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O T HELLO

THE

MOOR of VENICE.

1

DUKE of Venice.
Brabantio, a noble Venetian.
Gratiano, Brother to Brabantio.
Lodovico; Kinsman to Brabantio and Gratiano.
Othello, the Moor.
Caffio.
lago, Standard-bearer to Othello.
Rodorigo, a Gentleman.
Montano, the Moor's Predecessor in the Government of

Cyprus,
Clown, Servant to the Moor.
Herald.

Desdemona, Wife to Othello.
Æmilia, Wife to lago.
Bianca, Mistress to Cafio.

Officers, Gentlemen, Messengers, Musicians, Sailors, and

Attendants.

SCENE; for the First Ait, in Venice ; during the

rest of the Play, in Cyprus.

1. Quarto,
2.
3.
4.

Of this Play the Editions are,

Preface by Thomas Walkely.
1622. N. O, for Thomas Walkely.
1630. A. M. for Richard Hawkins.
1650. for William Lenk.
1623

5. Folio,

I have the folio, and the third Quarto collated with the second,

and the fourth.

OTHELLO,

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N

EVER tell me. I take it much unkindly,
That thou, Iago, who hast had my purse,
As if the strings were thine, shouldst know

this. Iago. But you'll not hear me. If ever I did dream of such a matter, abhor me. - Rod. Thou toldst me, thou didst hold him in thy

hate. Iago. Despise me, If I do not.

Three Great ones of the city, In personal suit to make me his lieutenant,

Orbello, the Moor of Venice.] The story is taken from Cyrthio's Novels.

Pope.

Off-capp'd to him; and, by the faith of man,
I know my price, I'm worth no worse a Place:
But he, as loving his own pride and purpose ;
Evades them with a bombast circumstance,
Horribly stuft with epithets of war,
And, in conclusion,
Non-suits my mediators.

mediators. , “ Certes, says he, “ I have already chose my

officer.”
And what was he?
Forsooth, a great arithmetician,
One Michael Casio, "a Florentine,
A fellow almoft damn’d 3 in a fair wife ;

2

La Florentine,] It ap. These are the words of Othelle, pears

from many pasiages of this (which lago in this relation replav, (rightly understood) that peats), and signify, that a FlorenCasio was a Florentine, and lago iine was an unfit person for coma Venetian.

HANMER. mand, as being always a slave to 3-in a fair wife;] In the a fair wife; which was the case of former editions this hath been lago. The Oxford Editor, supprinted, a fair wife; but surely poing this was said by lago of it must from the beginning have Caffio, will have Cafio to be the been a mistake, because it ap. Forentine ; which, he says, is pears from a following part of plain from many passages in the the play, that. Caffio was an un- Play, rightly understood. But bemarried man: On the other cause Caffio was no married man, hand, his beauty is often hinted (tho’ I wonder it did not appear al, which it is natural enough for he was, from some palages rough soldiers to treat with scorn rightly understood) he alters the and ridicule. I read therefore, line thus, A fellow almoji domn'd in a A fellow almoft damnd in a fair phyz. HANMER. fuir Phyz.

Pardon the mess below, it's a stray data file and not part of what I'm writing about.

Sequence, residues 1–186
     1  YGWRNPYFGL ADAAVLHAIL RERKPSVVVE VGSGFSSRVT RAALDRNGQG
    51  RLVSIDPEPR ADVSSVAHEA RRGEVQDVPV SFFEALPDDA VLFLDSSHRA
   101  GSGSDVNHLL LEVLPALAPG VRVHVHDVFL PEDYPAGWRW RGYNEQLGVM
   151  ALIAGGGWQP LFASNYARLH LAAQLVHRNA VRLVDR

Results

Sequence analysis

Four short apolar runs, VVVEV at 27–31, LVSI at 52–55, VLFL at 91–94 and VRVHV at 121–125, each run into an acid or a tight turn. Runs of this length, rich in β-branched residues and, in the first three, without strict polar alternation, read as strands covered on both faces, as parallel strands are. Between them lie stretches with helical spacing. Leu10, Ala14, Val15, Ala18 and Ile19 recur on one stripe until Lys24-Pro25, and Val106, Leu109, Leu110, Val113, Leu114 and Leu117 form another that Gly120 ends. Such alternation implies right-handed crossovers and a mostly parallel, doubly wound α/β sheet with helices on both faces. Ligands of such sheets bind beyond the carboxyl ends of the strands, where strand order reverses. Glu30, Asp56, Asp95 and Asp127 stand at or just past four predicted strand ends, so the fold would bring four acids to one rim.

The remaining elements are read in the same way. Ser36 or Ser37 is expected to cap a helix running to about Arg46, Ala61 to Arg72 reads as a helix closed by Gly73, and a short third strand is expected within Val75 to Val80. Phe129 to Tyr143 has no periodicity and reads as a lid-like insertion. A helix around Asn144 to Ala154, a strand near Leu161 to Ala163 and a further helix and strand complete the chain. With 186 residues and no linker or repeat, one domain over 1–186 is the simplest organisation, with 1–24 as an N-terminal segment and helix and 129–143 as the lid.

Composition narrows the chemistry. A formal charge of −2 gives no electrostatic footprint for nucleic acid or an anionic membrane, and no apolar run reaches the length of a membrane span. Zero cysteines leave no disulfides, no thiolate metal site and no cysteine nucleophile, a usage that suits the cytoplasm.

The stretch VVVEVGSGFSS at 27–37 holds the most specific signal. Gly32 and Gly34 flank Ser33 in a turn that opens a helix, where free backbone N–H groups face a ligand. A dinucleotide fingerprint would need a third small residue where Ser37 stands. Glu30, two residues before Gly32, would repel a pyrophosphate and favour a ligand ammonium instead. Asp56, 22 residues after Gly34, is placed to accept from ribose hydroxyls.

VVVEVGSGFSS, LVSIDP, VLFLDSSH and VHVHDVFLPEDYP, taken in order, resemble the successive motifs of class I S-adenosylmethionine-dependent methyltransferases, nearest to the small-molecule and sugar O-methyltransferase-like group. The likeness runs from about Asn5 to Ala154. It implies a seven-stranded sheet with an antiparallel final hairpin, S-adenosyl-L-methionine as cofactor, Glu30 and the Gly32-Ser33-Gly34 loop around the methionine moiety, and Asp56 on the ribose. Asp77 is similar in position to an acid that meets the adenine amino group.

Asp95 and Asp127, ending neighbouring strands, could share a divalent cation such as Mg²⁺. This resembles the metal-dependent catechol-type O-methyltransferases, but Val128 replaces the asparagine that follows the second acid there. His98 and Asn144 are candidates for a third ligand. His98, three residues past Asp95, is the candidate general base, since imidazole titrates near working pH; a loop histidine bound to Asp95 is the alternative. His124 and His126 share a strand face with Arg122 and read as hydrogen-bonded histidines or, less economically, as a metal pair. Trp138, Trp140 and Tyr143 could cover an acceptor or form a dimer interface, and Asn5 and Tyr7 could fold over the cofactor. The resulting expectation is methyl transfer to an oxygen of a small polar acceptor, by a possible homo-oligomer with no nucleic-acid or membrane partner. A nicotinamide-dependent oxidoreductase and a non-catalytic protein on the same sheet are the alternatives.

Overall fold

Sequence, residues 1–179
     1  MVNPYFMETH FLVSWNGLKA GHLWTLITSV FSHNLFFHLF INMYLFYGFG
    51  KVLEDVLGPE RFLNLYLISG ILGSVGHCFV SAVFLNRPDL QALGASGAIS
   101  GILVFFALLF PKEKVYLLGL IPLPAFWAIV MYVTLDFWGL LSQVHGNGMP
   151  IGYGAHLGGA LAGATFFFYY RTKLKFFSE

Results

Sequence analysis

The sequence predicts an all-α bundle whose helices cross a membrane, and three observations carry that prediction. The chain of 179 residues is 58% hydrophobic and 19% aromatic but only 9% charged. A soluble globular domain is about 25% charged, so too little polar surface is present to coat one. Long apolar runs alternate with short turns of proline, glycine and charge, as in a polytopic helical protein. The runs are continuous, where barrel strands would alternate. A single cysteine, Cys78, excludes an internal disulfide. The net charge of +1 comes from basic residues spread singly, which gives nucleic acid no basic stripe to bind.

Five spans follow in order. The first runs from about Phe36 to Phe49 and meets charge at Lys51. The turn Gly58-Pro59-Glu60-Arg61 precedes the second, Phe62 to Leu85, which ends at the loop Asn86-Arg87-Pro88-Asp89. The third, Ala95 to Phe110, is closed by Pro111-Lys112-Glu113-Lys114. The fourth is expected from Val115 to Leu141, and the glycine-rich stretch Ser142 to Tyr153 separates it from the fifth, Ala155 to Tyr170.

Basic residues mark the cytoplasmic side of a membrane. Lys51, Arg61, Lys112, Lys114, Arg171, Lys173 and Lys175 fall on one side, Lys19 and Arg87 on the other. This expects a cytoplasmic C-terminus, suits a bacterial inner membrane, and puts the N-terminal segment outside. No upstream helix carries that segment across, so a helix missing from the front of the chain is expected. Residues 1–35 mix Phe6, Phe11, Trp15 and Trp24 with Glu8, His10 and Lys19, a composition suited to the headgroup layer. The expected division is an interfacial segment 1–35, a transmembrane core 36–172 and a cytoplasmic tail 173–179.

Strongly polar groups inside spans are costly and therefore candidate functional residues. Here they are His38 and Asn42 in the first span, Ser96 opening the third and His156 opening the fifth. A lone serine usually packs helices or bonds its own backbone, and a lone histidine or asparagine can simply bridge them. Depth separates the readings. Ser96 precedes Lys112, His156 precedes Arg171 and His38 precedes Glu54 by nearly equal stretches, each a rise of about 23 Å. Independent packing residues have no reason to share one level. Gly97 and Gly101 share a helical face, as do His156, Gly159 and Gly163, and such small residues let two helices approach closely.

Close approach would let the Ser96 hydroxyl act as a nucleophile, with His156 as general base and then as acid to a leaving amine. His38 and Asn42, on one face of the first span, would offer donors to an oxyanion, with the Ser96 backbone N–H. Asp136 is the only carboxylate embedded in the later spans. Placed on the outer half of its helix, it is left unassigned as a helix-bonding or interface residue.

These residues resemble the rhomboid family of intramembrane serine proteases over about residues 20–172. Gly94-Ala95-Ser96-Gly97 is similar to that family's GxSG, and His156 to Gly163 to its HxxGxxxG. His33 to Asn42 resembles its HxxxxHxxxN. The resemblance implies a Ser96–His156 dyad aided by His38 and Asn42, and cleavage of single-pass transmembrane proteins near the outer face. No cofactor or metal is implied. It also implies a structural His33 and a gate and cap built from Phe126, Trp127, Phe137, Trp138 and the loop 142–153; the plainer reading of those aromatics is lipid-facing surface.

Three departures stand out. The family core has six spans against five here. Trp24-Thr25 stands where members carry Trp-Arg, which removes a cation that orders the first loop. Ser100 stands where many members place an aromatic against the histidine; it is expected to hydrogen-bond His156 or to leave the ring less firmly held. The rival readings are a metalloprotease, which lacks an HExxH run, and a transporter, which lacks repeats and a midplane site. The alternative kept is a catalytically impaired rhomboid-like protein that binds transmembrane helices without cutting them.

a Florentine, A White-friers' phrafe. WARB. A follow almost damu'd in a fair This is one of the passages

wife;] But it was laço, and which must for the present be renot Caffio, who was the Florentine, signed to corruption and obfcu!ias appears from net 3. Scene i. ty. I have nothing that I can, The paliage therefore should be with any approach to confidence, read thus,

propose. I cannot think it very - la Florentire's plain from Act III. Scene 1, that A fellow almost damn'd in a fair Casio was or was not a Florentine.

wife ;-)

That

That never set a squadron in the field,
Nor the division of a battle knows
More than a spinster ; but the bookish theorick,
+ Wherein the toged consuls can propose
As masterly as he. Meer prattle, without practice,
Is all his soldiership. He had th’ election;
And I, of whom his eyes had seen the proof
At Rhodes, at Cyprus, and on other grounds
Christian and heathen; s must be belee'd and calm'd
By Debitor and Creditor. This Counter-caster
He, in good time, must his lieutenant be,
And I, Sir, (bless the mark !) his Moor-ship's An..

cient. Rod. By heav'n, I rather would have been his hang

man.

Iago. But there's no remedy; 'tis the curse of ser

vice! Preferment goes by letter and affection, ? And not by old gradation, where each second

Stood

4 Wherein the tongued Con- abrogated, since Doges have been fuls -) So the generality elected.

THEOBALD. of the impressions read; but the Wherein the toged Confuls-] oldest quarto has it toged; the Se. Confuls, for couns’lors. WARB. nators, that affifted the Duke in s-must be led and calm’d] Council, in their proper Gowns. So the old Quarto. The first

But let me explain, why I Folio reads beleed: but that spoils have ventured to subititute Coune the measure. I read let, hinfillors in the room of Confuls : dered.

WARBURTON. The Venetian nobility constitute Beleid suits to calmed, and the the great Council of the Senate, measure is not less perfe& than and are a part of the administra- in many other places. tion; and summon'd to allift and 6 by letter--] By recounsel the Doge, who is Prince commendation from powerful of the Senate. So that they may friends. Very properly be called Counsel. 7 And not by old gradation,-) lors. Tho' the Government of What is old gradation ? He im. Venice was democratick at first, mediately explains gradation very under Consuls and Tribunes ; that properly. But the idea of old form of power has been totally does not come into it, VOL. VIII.

Y

where

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